The Treasury has proposed a higher stamp duty rate to be paid by companies who purchase their first residential property, however, it is unlikely that a first home would be bought through a company.
The valuable exemption proposed is for companies holding more than 15 properties. If the portfolio is more than 15 properties then it is worth considering transferring into a company structure. There is consideration being given as to whether this exemption should apply to privately owned properties, but as drafted it only applies to companies.
Many landlords are already setting up limited companies to reduce the impact of the reduction in mortgage interest relief, which is reduced to the basic rate of tax from April 2017.
Companies can still obtain mortgage interest relief at their marginal rate, which may be higher than the basic rate of 20 per cent, and so for those who are building up property rental portfolios rather than looking to live on the rental income in the short term, a company can still be an attractive structure. Landlords who need to pay out dividends though should be aware that a change to the tax treatment of dividends comes into effect in April 2016, and there will now be a 7.5% basic rate income tax charge where previously this was tax-free.
In summary, it is worth considering the company ownership route if:
There are some types of property that won’t fall under the additional SDLT charges. These are:
Frequently asked questions AQ
The government will treat married couples and civil partners living together as one unit. This means any homes owned by either partner will be included when SDLT is calculated on the purchase of another property.
If their spouse or civil partner already owns a residential property, an individual buying a property may be liable for higher rates.
If the spouse or civil partner then decides to sell that residential property they are allowed to claim a refund within 18 months.
The government is also proposing the same system for joint purchasers so cohabitees may not be at any advantage. This has not yet been confirmed.
Buying a property in the name of the parent, or in joint names with the child, will still be caught. However, there is a way to combat this by buying the home on the child’s name outright.
It is not clear at this point how a purchase through a Trust would be treated.+5
The SDLT charge applies where a second property is being purchased, notwithstanding that the first property may be overseas. Property which is owned globally will be taken into consideration when determining whether a property bought in England, Wales or Northern Ireland is, in fact, an additional property.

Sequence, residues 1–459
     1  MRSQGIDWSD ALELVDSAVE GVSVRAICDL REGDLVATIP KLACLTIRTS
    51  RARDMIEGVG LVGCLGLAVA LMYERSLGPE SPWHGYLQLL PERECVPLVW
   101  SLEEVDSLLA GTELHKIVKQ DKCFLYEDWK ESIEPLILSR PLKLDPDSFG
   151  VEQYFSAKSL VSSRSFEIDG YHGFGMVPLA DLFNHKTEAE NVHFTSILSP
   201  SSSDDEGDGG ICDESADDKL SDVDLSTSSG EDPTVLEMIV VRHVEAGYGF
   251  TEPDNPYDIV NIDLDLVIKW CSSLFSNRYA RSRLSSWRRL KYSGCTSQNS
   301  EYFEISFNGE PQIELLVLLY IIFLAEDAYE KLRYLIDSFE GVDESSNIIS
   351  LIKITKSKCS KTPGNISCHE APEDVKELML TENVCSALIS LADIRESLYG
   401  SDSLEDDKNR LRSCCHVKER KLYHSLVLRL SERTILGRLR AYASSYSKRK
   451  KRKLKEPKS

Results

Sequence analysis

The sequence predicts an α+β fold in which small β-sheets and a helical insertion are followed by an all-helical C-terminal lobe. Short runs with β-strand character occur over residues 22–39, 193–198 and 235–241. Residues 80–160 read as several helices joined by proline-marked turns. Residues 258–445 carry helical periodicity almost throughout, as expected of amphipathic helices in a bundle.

What this means is that even if someone is buying their first (or only property) in England, Wales or Northern Ireland, if they also own another property outside of this area, this will result in them having to pay a higher stamp duty rate.
This would apply to a foreign homeowner buying in Britain, or where their first property is in Scotland.
In a nutshell, no. Whenever someone purchases a second property they will always have to pay the higher rate of stamp duty. This will still be the case if the plan is to live in the second property and rent out the old one.
If at the time of completion you decide to keep your old home, the extra stamp duty charges will need to be paid, even if you move into a new main residence.
The only point to keep in mind is that you can get a stamp duty refund when you sell your old property within 18 months (and if you remember to claim it!).
If you would like to talk to a expert about SDLT please do not hesitate to contact the: tax specialist team in Leicester
The information provided in all of our blogs reflects only a narrative of some elements to consider on the topic. The blogs do not contain considered legal advice and should not be relied upon as advice. Please see our website terms and conditions for full details of our disclaimer. If you are interested in obtaining advice, please contact one of our solicitors who will be happy and able to advise you on your own particular circumstances.Talk to our legal team
The information provided in all of our blogs reflects only a narrative of some elements to consider on the topic. The blogs do not contain considered legal advice and should not be relied upon as advice. Please see our website terms and conditions for full details of our disclaimer. If you are interested in obtaining advice, please contact one of our lawyers who will be happy and able to advise you on your own particular circumstances.